Here is an excerpt:
Continue reading “Biopharmaceutical Fill and Finish [eBook]”
It is well recognized that the cost of Protein A resins is substantial, especially if the cost of Protein A can’t be amortized over a large number of purification cycles. When monoclonal antibodies in development don’t pass the clinical trial stage, the money and resin are spent, raising the overall cost of bringing a successful therapeutic to market. So what can be done?
One solution is to use a less expensive Protein A resin designed specifically for early phase clinical trials, then switch to a resin designed for manufacturing.
This ebook, published in the November issue of BioProcess International, details a comparability study conducted in high-throughput format to support the strategy of switching resin between phase 2 and 3. The three resins evaluated are based on the same base matrix and immobilization chemistry and differ only in the type and amount of immobilized Protein A.
The study consisted of 20 purification cycles under identical conditions for each of the three resins studied. Comparability data for yield, product purity, host cell proteins, DNA, and leaked Protein A were assayed. The feedstock was a clarified CHO cell culture supernatant containing an IgG of subclass 1. All the resins passed the 20 cycles without changes in product or contaminant profiles. No significant difference was observed in performance or product quality among the three resins under the conditions used. Thus, from a scientific point of view, the three resins could be exchanged for each other without negative impact on the quality of the purified product.
The following three agarose-based resins were packed in 600-μL RoboColumn® units (Atoll, Germany) and used for the cycling study:
Praesto AC resin: recombinant Protein A, 35–50 g/L (native sequence, good binding to antibody fragments (Fabs) belonging to the VH3 family)
Praesto AP resin: alkaline stabilized Protein A, high capacity, 50–65 g/L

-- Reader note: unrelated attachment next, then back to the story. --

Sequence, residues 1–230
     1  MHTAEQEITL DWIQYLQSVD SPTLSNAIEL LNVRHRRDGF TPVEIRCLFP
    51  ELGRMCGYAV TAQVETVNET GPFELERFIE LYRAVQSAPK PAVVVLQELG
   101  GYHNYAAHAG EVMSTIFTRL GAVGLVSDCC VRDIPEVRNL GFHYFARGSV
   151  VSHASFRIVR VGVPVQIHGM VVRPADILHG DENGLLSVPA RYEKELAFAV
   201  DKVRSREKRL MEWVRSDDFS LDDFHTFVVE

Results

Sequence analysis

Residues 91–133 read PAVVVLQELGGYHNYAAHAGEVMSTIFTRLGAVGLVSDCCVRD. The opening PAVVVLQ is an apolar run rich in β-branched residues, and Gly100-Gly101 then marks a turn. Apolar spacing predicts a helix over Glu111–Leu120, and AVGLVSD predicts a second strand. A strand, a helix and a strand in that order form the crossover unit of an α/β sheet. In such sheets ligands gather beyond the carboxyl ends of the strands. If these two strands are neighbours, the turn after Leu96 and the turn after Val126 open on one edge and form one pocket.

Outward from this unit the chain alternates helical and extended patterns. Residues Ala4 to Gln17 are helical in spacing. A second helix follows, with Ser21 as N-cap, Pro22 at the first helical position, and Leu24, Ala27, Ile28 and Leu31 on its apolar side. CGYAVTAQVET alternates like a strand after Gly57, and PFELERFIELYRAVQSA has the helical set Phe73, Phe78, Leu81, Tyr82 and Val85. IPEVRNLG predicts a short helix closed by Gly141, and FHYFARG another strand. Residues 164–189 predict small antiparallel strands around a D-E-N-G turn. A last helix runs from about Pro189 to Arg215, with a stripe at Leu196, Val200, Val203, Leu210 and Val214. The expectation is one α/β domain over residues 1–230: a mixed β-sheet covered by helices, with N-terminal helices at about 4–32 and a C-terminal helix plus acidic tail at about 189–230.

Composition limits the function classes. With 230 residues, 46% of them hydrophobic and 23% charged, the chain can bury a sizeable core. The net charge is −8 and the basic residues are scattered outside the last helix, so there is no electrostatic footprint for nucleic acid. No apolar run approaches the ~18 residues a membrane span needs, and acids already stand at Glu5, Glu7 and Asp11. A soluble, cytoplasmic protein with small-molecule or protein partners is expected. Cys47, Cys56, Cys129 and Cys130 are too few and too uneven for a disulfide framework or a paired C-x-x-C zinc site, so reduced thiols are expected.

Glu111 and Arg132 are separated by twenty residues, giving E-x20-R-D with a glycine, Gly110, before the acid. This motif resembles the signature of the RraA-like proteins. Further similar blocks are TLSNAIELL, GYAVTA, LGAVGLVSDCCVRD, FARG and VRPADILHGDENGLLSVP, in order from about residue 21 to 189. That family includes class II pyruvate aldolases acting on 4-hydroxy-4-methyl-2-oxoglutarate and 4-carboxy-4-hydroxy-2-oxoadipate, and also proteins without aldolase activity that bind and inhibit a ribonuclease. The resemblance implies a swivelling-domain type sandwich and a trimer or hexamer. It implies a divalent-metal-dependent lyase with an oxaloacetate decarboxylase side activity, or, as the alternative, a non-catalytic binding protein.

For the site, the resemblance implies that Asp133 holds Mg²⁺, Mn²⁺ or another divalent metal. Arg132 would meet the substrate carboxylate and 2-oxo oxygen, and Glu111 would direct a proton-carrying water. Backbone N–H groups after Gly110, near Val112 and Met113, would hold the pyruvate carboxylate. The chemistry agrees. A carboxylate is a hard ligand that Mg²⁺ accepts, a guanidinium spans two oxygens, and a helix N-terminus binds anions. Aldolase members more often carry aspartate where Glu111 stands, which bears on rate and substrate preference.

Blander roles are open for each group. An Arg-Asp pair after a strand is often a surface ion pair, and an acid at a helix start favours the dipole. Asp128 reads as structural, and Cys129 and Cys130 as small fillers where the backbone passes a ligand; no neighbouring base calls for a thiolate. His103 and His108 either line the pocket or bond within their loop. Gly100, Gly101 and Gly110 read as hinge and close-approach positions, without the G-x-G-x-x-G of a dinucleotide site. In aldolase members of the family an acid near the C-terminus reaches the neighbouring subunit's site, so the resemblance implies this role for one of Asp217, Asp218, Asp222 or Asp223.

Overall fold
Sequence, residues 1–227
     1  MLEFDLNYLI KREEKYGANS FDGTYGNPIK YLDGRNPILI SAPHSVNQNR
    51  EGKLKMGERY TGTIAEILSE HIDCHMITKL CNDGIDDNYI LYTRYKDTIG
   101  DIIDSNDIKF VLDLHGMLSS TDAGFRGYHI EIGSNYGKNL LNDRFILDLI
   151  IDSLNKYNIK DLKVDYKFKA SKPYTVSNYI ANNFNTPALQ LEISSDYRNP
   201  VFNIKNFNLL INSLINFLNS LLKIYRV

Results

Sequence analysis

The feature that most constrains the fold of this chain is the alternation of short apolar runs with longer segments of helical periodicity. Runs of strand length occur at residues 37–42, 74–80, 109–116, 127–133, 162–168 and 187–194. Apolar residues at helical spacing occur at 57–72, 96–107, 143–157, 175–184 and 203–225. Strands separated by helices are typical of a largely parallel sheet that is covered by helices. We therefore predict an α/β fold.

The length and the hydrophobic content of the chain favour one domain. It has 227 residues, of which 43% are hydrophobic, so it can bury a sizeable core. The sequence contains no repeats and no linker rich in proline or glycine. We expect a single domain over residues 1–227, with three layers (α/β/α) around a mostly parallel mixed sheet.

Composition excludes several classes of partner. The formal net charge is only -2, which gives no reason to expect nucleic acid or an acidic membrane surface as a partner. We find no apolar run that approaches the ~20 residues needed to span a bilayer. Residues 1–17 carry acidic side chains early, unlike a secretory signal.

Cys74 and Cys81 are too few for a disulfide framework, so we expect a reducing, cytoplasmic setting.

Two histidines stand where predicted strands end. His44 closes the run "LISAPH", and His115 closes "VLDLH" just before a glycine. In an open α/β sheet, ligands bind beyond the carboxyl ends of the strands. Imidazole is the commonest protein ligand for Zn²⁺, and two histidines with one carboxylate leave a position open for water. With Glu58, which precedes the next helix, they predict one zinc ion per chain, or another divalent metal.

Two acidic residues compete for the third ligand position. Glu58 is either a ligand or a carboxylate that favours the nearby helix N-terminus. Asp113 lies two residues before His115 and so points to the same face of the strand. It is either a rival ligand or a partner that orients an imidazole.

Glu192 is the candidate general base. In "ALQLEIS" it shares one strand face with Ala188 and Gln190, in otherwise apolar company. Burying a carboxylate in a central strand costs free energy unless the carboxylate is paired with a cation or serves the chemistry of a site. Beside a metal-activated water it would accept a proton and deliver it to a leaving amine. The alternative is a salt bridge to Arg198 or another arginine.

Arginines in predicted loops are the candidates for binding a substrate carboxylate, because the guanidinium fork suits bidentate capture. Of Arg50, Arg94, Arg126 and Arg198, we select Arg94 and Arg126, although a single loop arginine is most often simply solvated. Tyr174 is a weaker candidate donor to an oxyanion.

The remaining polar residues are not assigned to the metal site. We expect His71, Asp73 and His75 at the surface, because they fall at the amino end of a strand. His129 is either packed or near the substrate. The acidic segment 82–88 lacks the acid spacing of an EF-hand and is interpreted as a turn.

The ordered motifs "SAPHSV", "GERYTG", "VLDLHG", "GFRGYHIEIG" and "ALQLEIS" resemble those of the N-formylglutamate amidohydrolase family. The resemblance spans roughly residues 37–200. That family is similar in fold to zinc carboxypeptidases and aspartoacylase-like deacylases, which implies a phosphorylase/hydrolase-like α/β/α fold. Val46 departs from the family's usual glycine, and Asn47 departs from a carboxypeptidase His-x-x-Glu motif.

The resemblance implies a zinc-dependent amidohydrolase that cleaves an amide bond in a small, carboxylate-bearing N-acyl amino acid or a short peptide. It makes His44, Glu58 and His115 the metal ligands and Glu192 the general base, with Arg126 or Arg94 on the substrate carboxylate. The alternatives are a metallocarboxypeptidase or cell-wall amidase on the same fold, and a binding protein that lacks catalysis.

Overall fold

Praesto APc resin: alkaline stabilized Protein A, 35–55 g/L.
The feed stock (clarified CHO cell culture supernatant) was provided by Alvotech.
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BioProcess International (BPI), has announced the finalists for the 2016 BioProcess International Awards. The awards recognize the outstanding individual and team achievements, emerging companies and their technologies, groundbreaking business collaborations and strategies, corporate responsibility, and technology applications that will allow the industry to deliver better, more effective treatments to a global patient base. The finalists were chosen from 125+ nominations from around the world. The finalists and winners will be recognized on Wednesday, 5 October 2016, at the Awards Dinner and Ceremony at the Boston Convention and Exhibition Center in Boston, MA.
“The BioProcess International Award program has come to represent the very best this industry has to offer. In 2016, a record number of submitted nominations ensures that this group of BPI Award finalists reflects and represents the dedication, innovation and imagination embodied by this industry as a whole,” said Brian Caine, Co-Founder and Publisher of BioProcess International. “Congratulations to all the nominees and finalists.We look forward to introducing the 2016 BioProcess International Award winners and their incredible achievements.”
Continue reading “Finalists announced for the 2016 BioProcess International Awards”